From Linux Gaming
Jump to navigation Jump to search

Game mods modify games in some way. A good source for mods is Sometimes they work in the same way as on Windows, but that's not always the case. Reshade is an example for a modding tool. If you're using Steam, Steam Tinker Launch may make your life a lot easier.

Mod Manager

Mod managers that are not native will not set dll overrides. If the installed mod uses dlls, you have to set the overrides manually.

Install mod managers with Wine

You can try installing mod managers from Lutris, if there is an install script. For example there are scripts (for older versions of) Vortex and NMM.

Otherwise, you can try installing them in the same wine prefix. You could do this for example in the following way:

  • Copy the executable into the wine prefix of your game: ~/Games/<your_game>/drive_c/users/<your_name>/Downloads/
  • Run it in the same prefix as your game:
    • Lutris: Click your game, then click on the arrow next to the wine bottle on the bottom of the window. Click Run EXE inside Wine prefix. Locate the exe, and run it.
    • Bottles: todo
    • Steam: todo
    • Heroic: todo
  • If it works, you can locate the executable of the installed mod manager, and run it in this way. Otherwise, you can also create a new "game" in the same wine prefix and select the executable there. TODO: describe how.
  • You can also install the mod manager in a different prefix, and symlink the game folder into the prefix

Install mod managers in a VM

If a mod manager is not working well with wine, you can install Windows in VirtualBox, share your game folder with the VM, and install the mod manager inside the VM. You need to install the guest additions for it to work. The folder will be mounted as network drive Z. This will not work with every mod manager and every mod. For example it will not work with MO2 (however, MO2 is working in Wine[1]).

If you want to mod a Linux native game, you can try creating a fake .exe in order for the mod manager to detect the game.

In more detail:

  1. Install the game on Linux, for example with Lutris, Heroic, or Steam.
  2. Install Windows in a VM
  3. Share the game folder with the Windows VM
  4. Install a mod manager in the Windows VM
  5. Use the mod manager to install a mod
  6. Play the game that is now modded (on Linux, without VM)

Optional: Disable internet access for the VM, and enable drag/drop to copy files easily to the VM. This way, Windows can not send telemetry data, or do unnecessary updates that just take space and processing time. You might even use older (and lighter) versions like Windows 7 if the mod manager is compatible. In this case, you will have to manually download mods, though.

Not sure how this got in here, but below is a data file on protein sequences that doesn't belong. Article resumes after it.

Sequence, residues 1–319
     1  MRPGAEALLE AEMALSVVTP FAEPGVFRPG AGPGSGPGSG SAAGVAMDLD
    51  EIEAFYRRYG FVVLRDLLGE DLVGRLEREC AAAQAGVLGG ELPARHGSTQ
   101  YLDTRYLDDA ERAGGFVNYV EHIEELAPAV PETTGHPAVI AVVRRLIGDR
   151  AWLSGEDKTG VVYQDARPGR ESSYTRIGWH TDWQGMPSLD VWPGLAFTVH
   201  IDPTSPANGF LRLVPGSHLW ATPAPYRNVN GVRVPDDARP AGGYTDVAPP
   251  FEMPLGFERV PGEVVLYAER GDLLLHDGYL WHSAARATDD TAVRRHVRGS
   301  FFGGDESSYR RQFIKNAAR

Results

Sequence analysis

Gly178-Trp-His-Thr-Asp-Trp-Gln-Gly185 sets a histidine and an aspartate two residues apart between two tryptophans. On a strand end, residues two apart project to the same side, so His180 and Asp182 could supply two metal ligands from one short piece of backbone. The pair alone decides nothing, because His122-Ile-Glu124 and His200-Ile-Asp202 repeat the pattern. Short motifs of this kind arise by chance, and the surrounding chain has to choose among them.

Manual Installation

Installing dlls

In many cases (for example reshade, specialK) you just need a dll in your game folder. Just download the exe, extract it, and manually install the dll.

You might have to rename it, for example to

  • d3d9.dll if your game uses Directx9 (this is more likely for older games)
  • dxgi.dll if your game uses Directx11 (this is more likely for newer games)

or something like that.

Also note that you should use a dll that has the architecture of your game, so if the game is 32 bit, you might need to choose another dll than if your game is 64 bit (often indicated by a 32 or a 64 in the dll filename).

Path names

Linux paths are case sensitive, while Windows paths are not. This leads to mod developers using different folder names when referring to the same folder, for example textures and Textures.

Wine knows that, and is able to handle it accordingly. However, if you manually copy the mod to it's destination with your Linux file manager, you might get problems if you create an additional folder. There are a couple options to avoid these problems:

  • If you encounter a problem, look at the file structures to detect problems. You can use find . -type d | tr "[A-Z]" "[a-z]" | sort | uniq -c | grep -v " 1 " to find conflicts. [2]
  • Use a mod manager that you install with wine.
  • Use ext4 with case folding. (The SteamDeck uses ext4 with case folding by default.)
  • Install 7zip for Windows and use that to extract and move the mod to it's destination. 7zip also comes with a file manager that you can use. You could also use any other Windows file manager. It just needs access to the game folder. Either install it in the same prefix, or use it's own prefix and symlink the game folder.


This page needs work, for the following reason(s): I didn't test any of these, and just copied some links from answers to reddit posts asking about this kind of stuff. Maybe some are redundant or not working well. Please edit this if you have any idea what these tools do.

Linux native modding tools

There are some game specific Linux native modding tools, you may find a list here.